Alejandra Fuentes and her family decided to let the train take the strain when they went on holiday from Sweden last year to Torremolinos in southern Spain.
And they are not alone.
Climate change concerns have prompted tens of thousands of Swedes to join a movement via Facebook. It is so popular that 500 are joining up every day.
Sweden's best-known train traveller is Greta Thunberg - the 16-year-old climate activist who travelled 32 hours to Davos in Switzerland to take her message to world leaders.
But many Swedes are travelling further still.
The Fuentes' journey to the sun took a few days, but Alejandra's pre-school children were full of questions about the train-ferry between Denmark and Germany, the night-life in Hamburg and the morning rush-hour in Basel.
"They became aware of changes as the journey continued," she says.
Anna Hamno Wickman and her family initially cut down on flying because of climate concerns, and then discovered they had a better time when travelling by train.
"We can read, rest, listen to audio books, play board games and also be transported to exciting destinations," she says.
Last summer they went to Brittany in north-west France and in February they took the train to Berlin and slept in a tent.
The Facebook group share stories and tips and discuss group travel. Since January last year, their numbers have swelled from 4,000 to 77,000.
Carina Wellton joined the group and decided to travel alone, with her wheelchair, from Stockholm to Torrevieja in Spain. "I wanted to see if I could manage it physically," she says.
She missed some of her connections because of the lack of wheelchair access. In Hamburg, she was stopped from boarding a train even though she had a ticket. In Lyon, she found herself on an empty platform with a broken lift and had to walk down the stairs to call for help.
But the journey had its upsides too.
While waiting in Hamburg, Carina sat herself down with a punk group on the street outside the station. "We drank beer and played our favourite music to each other," she says. "The whole thing became a small, improvised street festival. That was the first time I heard Russian punk."
It is all part of Sweden's focus on climate change that has captivated society - politicians, artists and ordinary citizens.
Every week, young Swedes gather outside parliament in Stockholm as part of the Fridays for Future campaign.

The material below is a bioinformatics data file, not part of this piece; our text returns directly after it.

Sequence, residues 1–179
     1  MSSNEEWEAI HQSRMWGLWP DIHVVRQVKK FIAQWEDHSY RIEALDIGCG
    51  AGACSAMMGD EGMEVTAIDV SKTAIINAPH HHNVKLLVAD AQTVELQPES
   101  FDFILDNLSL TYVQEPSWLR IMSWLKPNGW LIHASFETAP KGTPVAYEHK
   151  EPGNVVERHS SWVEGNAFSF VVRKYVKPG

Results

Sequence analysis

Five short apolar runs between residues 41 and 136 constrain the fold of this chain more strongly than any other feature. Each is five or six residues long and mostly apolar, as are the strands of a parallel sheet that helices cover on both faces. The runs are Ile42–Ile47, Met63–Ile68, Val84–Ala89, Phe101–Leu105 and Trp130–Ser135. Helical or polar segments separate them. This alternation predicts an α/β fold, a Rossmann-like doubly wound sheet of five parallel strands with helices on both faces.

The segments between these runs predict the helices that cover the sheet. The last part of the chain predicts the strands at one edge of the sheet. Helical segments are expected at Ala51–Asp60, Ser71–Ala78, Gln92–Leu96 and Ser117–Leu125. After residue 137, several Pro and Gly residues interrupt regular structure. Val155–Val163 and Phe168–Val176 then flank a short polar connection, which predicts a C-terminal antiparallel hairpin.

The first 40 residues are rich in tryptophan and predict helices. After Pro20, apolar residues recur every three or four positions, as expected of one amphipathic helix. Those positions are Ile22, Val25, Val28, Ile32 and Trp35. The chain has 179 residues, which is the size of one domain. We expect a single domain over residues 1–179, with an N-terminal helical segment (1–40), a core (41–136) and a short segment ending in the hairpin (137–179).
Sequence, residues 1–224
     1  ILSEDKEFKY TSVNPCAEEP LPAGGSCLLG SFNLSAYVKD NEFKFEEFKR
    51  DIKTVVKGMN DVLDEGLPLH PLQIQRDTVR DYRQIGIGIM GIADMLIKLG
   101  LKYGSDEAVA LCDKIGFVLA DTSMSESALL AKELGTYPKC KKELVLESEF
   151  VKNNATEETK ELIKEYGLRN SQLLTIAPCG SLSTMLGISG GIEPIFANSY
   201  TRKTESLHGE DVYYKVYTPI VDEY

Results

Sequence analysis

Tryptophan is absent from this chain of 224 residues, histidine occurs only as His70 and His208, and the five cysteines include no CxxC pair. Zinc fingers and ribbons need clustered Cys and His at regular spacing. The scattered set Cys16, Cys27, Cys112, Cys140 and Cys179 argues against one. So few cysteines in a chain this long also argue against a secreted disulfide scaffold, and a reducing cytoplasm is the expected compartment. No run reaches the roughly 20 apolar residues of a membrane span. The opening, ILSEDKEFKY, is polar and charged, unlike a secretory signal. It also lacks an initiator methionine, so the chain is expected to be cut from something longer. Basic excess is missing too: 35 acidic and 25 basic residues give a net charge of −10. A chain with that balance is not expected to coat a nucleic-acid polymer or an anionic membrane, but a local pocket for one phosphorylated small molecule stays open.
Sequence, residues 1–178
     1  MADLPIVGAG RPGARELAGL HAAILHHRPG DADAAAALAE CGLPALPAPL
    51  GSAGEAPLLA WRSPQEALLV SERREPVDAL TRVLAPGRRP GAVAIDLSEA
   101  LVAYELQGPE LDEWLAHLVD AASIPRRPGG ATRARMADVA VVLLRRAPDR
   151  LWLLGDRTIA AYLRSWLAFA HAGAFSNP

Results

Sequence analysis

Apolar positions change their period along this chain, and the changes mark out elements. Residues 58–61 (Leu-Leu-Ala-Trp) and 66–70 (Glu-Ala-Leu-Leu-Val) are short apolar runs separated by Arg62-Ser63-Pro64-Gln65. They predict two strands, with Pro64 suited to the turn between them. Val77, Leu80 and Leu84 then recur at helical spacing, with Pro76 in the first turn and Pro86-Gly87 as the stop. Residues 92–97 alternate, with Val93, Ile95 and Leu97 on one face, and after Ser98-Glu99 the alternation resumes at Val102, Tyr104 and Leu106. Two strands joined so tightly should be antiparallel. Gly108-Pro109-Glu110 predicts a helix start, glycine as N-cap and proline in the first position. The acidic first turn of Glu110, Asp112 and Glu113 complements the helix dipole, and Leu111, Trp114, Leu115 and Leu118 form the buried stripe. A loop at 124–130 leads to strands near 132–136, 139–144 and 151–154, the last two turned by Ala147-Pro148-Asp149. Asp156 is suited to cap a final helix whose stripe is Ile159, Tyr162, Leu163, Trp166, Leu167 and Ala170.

#FridaysForFuture with @GretaThunberg in Stockholm. Climate school strike in front of the parliament and the political power. We need new rules. To stop the emissions. To care about and share the resources. pic.twitter.com/c4crtrjJ8o— David Fopp (@DavidFopp) April 5, 2019
More and more businesses are promoting trains in their travel policies.
Sweden's left-of-centre coalition has even said it will look into starting up night trains to the continent again. And one of Sweden's biggest newspapers Dagens Nyheter, has chartered two trains for a train journey across Europe.
'Flight-shaming' and 'train-bragging'
Much of the push to take the train has come from social media, as Swedes show their friends they are doing their bit for the planet. Mixed in with climate conscience is perhaps a touch of virtue-signalling too.
Swedes have even coined some new words as this trend takes hold: flygskam (flight-shame), tagskryt (train-bragging), and even att smygflyga (to fly in secret).
If you fancy a bit of flight-shaming, an Instagram account takes pride in naming and shaming Swedish celebrities posing in Los Angeles, the Mediterranean or Asia.
On top of the celebs' glamorous images, aningslosainfluencers (clueless influencers) have slapped damning comments about carbon dioxide usage.
"Train holidays take longer and cost more, and they are super-trendy," says Johan Olofsson, a member of the train travel Facebook group.
"All these stories about train adventures are of course social capital that you can use to show your best side for family, friends and at work."
But on the whole they are not out to shame other people.
"Choosing not to fly is a proactive act. Something positive. Making others feel ashamed is something else," says another group member, Ann Wiklund.
Carina Wellton is also very aware that taking the train is often too expensive, and she considers "flight-shaming" unfair. "If you do, it becomes a class issue and something you brag about."
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Anna Hamno Wickman posts her family's rail adventures on Instagram to inspire others.
"Social media is a catalyst for train journeys," Anna says. "We would have never dared to undertake our first long journey by train if we hadn't had the Facebook group as support. It has been amazing."
The group's founder member, Susanna Elfors, has now started a charter service with a partner, designed around meeting other travellers, reading, playing games and hearing talks about their destinations.
Her dream is to board an evening train from Stockholm to be greeted with a welcome drink and dinner. Passengers would wake up in Germany, stop off for a few hours in Alpine villages along the way before finally ending up on the Italian coast.